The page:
The Design History of Canadian Coinage
By Calista Lynn
Even as cash and coinage approaches obsoletion, people around the world are still collecting coins. Combining text, and sculptural illustration, it is a marvel of graphic design that is often over looked in our day-to-day.
Canada’s first coins were the “Gloriam Regni” silver coins that were brought to all of the French colonies in the Americas around 1670 (Willey). It isn’t until 200 years later in the 20th century when we began seeing coins that resemble the ones we are familiar with today (The Royal Canadian Mint). In 1931, Canada established the Royal Canadian Mint to take the place of the Ottawa branch of the Royal Mint (The Royal Canadian Mint). Canada began putting pictorial designs on all of their coinage six years later (Willey). Those designs were the basis of the ones we see today with the one major replacement of George VI with the portrait of Elizabeth II (Willey). Even later still, Canada didn’t introduce the loonie until 1987 and the toonie in 1996 (The Royal Canadian Mint).
Designing coin faces which are rounds and no more than 3 centimetres in diameter can be quite difficult. Each coin carefully balances the circular composition with carved images and necessary text. Canadian coins have featured a variety of artists from Alex Colville to those not officially working as artists (such as in the Royal Canadian Mint’s “Create a Centsation” coin design contest) (The Royal Canadian Mint). With innovations in minting technology, coins have been able to show incredible amounts of detail–some collector coins featuring colour and even holographic elements (Willey). Consideration has also been given in the design for those with limited sight (CNIB). Each coin is a unique size with different edges (CNIB). Variations include geometric sides as well as ridged and smooth borders (CNIB). There is a reason why people pay thousands of dollars for a coin that isn’t supposed to represent more than a couple dollars. Coinage is not only a representation of our history but also a celebration of the now with Canada’s ever growing series of collector coins. Coin design should not only be revered as beautiful pieces of art, but also a master in technical design and a reflection of our ever evolving technology.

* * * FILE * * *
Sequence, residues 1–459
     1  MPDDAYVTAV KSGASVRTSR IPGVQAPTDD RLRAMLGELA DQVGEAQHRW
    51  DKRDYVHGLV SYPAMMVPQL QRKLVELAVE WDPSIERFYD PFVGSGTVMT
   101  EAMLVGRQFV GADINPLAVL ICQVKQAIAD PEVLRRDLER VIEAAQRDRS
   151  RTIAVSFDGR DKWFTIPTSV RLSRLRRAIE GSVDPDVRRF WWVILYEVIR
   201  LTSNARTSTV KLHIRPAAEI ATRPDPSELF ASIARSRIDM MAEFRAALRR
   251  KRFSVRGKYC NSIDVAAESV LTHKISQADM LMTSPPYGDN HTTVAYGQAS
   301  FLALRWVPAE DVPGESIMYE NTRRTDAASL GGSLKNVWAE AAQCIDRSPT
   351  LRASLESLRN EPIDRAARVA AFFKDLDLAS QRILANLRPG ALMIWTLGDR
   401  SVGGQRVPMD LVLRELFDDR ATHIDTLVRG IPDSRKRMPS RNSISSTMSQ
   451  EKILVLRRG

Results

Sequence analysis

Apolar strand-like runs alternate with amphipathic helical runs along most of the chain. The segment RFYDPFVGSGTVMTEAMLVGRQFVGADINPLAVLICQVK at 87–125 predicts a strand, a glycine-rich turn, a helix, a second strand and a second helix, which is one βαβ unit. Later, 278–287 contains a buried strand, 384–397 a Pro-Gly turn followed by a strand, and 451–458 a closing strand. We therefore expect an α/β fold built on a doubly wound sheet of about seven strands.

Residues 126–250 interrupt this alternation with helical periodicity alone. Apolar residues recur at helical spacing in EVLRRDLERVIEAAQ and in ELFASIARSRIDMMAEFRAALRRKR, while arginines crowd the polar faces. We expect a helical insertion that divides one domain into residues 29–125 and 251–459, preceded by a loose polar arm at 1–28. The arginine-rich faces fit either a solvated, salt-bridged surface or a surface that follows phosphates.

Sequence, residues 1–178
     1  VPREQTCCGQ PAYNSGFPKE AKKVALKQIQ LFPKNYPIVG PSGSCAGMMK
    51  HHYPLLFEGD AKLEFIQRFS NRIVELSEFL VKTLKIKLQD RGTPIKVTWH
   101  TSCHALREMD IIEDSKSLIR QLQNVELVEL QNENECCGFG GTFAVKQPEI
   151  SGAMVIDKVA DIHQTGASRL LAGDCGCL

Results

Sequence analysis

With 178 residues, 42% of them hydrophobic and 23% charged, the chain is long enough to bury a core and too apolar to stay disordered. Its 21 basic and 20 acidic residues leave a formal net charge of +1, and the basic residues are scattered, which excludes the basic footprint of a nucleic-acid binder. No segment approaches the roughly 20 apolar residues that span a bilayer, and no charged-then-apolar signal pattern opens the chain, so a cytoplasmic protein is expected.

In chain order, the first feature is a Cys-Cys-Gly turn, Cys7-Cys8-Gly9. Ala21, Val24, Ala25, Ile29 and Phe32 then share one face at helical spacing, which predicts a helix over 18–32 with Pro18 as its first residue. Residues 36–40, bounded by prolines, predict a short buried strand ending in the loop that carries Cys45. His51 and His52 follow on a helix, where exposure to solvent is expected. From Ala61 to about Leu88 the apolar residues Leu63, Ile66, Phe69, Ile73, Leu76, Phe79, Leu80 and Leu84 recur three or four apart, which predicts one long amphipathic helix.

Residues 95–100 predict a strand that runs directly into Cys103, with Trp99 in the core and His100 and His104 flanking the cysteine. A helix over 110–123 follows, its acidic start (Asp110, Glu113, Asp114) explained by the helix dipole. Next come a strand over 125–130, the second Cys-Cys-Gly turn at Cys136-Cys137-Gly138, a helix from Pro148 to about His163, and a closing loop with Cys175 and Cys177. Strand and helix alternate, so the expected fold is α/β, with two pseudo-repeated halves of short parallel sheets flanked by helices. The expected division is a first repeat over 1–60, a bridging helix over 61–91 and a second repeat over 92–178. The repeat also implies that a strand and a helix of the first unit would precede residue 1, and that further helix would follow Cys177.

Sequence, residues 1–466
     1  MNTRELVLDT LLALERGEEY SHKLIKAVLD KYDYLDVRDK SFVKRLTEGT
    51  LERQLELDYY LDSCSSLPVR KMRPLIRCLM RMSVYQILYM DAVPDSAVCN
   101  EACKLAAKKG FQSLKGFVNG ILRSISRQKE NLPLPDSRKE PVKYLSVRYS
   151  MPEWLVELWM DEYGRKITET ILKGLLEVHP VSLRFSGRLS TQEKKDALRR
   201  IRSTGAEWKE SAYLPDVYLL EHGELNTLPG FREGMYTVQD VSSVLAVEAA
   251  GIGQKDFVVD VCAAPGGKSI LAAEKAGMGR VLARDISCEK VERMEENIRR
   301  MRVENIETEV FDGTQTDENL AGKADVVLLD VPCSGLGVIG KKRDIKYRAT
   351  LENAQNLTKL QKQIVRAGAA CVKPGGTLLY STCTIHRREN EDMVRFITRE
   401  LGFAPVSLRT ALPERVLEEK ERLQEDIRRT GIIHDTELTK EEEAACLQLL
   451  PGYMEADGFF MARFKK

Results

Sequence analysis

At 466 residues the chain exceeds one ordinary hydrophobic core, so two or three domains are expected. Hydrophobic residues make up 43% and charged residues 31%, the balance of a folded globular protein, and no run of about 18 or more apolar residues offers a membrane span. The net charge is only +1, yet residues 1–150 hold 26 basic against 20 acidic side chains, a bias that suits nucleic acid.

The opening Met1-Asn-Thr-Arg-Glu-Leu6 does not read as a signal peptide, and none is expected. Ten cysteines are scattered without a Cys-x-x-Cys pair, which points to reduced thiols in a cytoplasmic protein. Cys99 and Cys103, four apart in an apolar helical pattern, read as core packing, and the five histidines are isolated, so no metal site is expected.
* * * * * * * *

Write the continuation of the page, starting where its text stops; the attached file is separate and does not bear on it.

“1 Cent 1937.” Coins and Canada, Coins and Canada, www.coinsandcanada.com/coins-prices.php?coin=1-cent-1937.
“1 Cent 2004.” Coins and Canada, Coins and Canada, www.coinsandcanada.com/coins-prices.php?coin=1-cent-2004&years=.
“BR 502, Gloriam Regni 5 Sols, 1670A (Paris).” ICollector.com Online Auctions, www.icollector.com/BR-502-Gloriam-Regni-5-sols-1670A-Paris_i22120489.
Canadian National Institute for the Blind. Identifying Canadian Coins with Low Vision or Blindness. Youtube, 23 May 2014, youtu.be/hg8an3CZgGw.
“Royal Canadian Mint Currency Timeline.” The Royal Canadian Mint, The Royal Canadian Mint, www.mint.ca/store/mint/learn/history-timeline-4000020.
Willey, R.C. “Coins and Tokens.” The Canadian Encyclopedia, The Canadian Encyclopedia, 29 July 2013, www.thecanadianencyclopedia.ca/en/article/coins-and-tokens.